The Energizer

Resilient Insights for Work & Life

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Hope in the Age of Lockdown

By Eileen McDargh - Wednesday, April 01, 2020

Fr. Richard Hendrick, a Capuchin Franciscan in Ireland , was so moved by news of Italians in lockdown singing, Spaniards applauding health care workers, and neighbors reaching out to bring food to elderly, that he penned a poem.

He said of these instances:

“Together they reminded me that no matter the restrictions or dangers that this pandemic may bring, it will never touch the human soul and that we always have the opportunity to see beauty, offer compassion and touch the Divine, no matter our circumstances.”

Lockdown

Yes there is fear.
Yes there is isolation.
Yes there is panic buying.
Yes there is sickness.
Yes there is even death.
But,
They say that in Wuhan after so many years of noise.
You can hear the birds again.
They say that after just a few weeks of quiet.
The sky is no longer thick with fumes.
But blue and grey and clear.
They say that in the streets of Assisi
People are singing to each other
across the empty squares,
keeping their windows open
so that those who are alone
may hear the sounds of family around them.
They say that a hotel in the West of Ireland
Is offering free meals and delivery to the housebound.
Today a young woman I know
is busy spreading fliers with her number
through the neighborhood
So that the elders may have someone to call on.
Today Churches, Synagogues, Mosques and Temples
are preparing to welcome
and shelter the homeless, the sick, the weary
All over the world people are slowing down and reflecting
All over the world people are looking at their neighbors in a new way
All over the world people are waking up to a new reality
To how big we really are.
To how little control we really have.
To what really matters.
To Love.
So we pray and we remember that
Yes there is fear.
But there does not have to be hate.
Yes there is isolation.
But there does not have to be loneliness.
Yes there is panic buying.
But there does not have to be meanness.
Yes there is sickness.
But there does not have to be disease of the soul
Yes there is even death.
But there can always be a rebirth of love.
Wake to the choices you make as to how to live now.
Today, breathe.
Listen, behind the factory noises of your panic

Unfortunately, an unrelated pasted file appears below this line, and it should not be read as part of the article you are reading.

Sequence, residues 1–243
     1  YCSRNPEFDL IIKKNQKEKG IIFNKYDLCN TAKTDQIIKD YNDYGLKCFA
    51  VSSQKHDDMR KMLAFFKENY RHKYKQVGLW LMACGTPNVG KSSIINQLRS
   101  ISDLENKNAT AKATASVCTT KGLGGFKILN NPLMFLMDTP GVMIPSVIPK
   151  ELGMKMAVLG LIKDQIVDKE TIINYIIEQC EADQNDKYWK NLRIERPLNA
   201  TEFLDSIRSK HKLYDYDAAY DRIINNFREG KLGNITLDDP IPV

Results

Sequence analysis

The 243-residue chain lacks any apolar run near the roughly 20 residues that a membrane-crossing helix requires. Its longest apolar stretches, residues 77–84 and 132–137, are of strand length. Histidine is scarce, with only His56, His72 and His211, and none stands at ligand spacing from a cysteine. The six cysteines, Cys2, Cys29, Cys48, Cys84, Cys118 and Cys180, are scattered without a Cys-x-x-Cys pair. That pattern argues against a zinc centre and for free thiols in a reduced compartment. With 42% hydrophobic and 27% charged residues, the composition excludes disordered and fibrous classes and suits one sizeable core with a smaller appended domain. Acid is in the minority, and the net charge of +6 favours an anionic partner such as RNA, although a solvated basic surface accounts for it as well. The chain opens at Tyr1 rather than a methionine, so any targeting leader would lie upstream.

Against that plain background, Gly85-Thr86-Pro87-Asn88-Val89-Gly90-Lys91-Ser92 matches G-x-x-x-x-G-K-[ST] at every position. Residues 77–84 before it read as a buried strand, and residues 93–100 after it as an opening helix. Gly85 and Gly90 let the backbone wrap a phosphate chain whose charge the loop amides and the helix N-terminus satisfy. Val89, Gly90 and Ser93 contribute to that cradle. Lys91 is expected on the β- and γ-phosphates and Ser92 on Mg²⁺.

The birds are singing again
The sky is clearing,
Spring is coming,
And we are always encompassed by Love.
Open the windows of your soul
And though you may not be able
to touch across the empty square,
Sing.

March 13th 2020

Father Hendrick encourages the sharing of his message.


 

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Free Time Should be Me Time—Part 2

By Eileen McDargh - Monday, March 30, 2020

  

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Free Time Should be Me Time—Part 1

By Eileen McDargh - Monday, March 23, 2020

I hear the laughter and disdain already: “Free time? Are you kidding?”
“Me time? Huh? I don’t even know where “me” is these days!
“What planet do you live on? We had a cutback and now I need to be three people!”
 

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Resilience Steps to Calm Pandemic Panic

By Eileen McDargh - Monday, March 16, 2020

Make no mistake, COVID-19 is very serious and requires precautions, attention, and vigilance. However, fear and panic run counter to what will help us move through this global threat. Stockpiling toilet paper and water, incessant reading and watching multiple news sources, and staying caught up on social media only serves to underscore the feeling of panic. It reminds me of the time my husband insisted I become licensed to carry mace when I’d walk thru campus at night. There had never been an incident and I walked fearless; until I started carrying the mace. Then, every shadow, noise, or movement struck terror in my heart.